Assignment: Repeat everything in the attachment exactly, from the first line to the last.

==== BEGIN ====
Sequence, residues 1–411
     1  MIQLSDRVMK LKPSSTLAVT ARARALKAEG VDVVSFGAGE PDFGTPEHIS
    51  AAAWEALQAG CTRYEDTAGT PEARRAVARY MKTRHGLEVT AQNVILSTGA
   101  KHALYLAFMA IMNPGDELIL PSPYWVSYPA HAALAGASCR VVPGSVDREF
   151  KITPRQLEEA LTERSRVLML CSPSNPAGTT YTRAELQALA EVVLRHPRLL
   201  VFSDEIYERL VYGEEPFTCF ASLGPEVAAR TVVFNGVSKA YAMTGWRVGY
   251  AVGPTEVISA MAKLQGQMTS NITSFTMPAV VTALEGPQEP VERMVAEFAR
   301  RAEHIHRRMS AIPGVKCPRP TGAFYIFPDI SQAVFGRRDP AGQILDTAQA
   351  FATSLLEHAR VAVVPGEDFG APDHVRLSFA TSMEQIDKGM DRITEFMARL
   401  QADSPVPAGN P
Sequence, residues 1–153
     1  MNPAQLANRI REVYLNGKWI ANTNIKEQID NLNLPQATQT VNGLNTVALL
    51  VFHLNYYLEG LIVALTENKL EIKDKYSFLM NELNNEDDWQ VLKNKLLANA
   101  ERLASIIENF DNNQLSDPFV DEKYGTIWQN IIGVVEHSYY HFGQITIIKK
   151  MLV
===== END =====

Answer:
Sequence, residues 1–411
     1  MIQLSDRVMK LKPSSTLAVT ARARALKAEG VDVVSFGAGE PDFGTPEHIS
    51  AAAWEALQAG CTRYEDTAGT PEARRAVARY MKTRHGLEVT AQNVILSTGA
   101  KHALYLAFMA IMNPGDELIL PSPYWVSYPA HAALAGASCR VVPGSVDREF
   151  KITPRQLEEA LTERSRVLML CSPSNPAGTT YTRAELQALA EVVLRHPRLL
   201  VFSDEIYERL VYGEEPFTCF ASLGPEVAAR TVVFNGVSKA YAMTGWRVGY
   251  AVGPTEVISA MAKLQGQMTS NITSFTMPAV VTALEGPQEP VERMVAEFAR
   301  RAEHIHRRMS AIPGVKCPRP TGAFYIFPDI SQAVFGRRDP AGQILDTAQA
   351  FATSLLEHAR VAVVPGEDFG APDHVRLSFA TSMEQIDKGM DRITEFMARL
   401  QADSPVPAGN P
Sequence, residues 1–153
     1  MNPAQLANRI REVYLNGKWI ANTNIKEQID NLNLPQATQT VNGLNTVALL
    51  VFHLNYYLEG LIVALTENKL EIKDKYSFLM NELNNEDDWQ VLKNKLLANA
   101  ERLASIIENF DNNQLSDPFV DEKYGTIWQN IIGVVEHSYY HFGQITIIKK
   151  MLV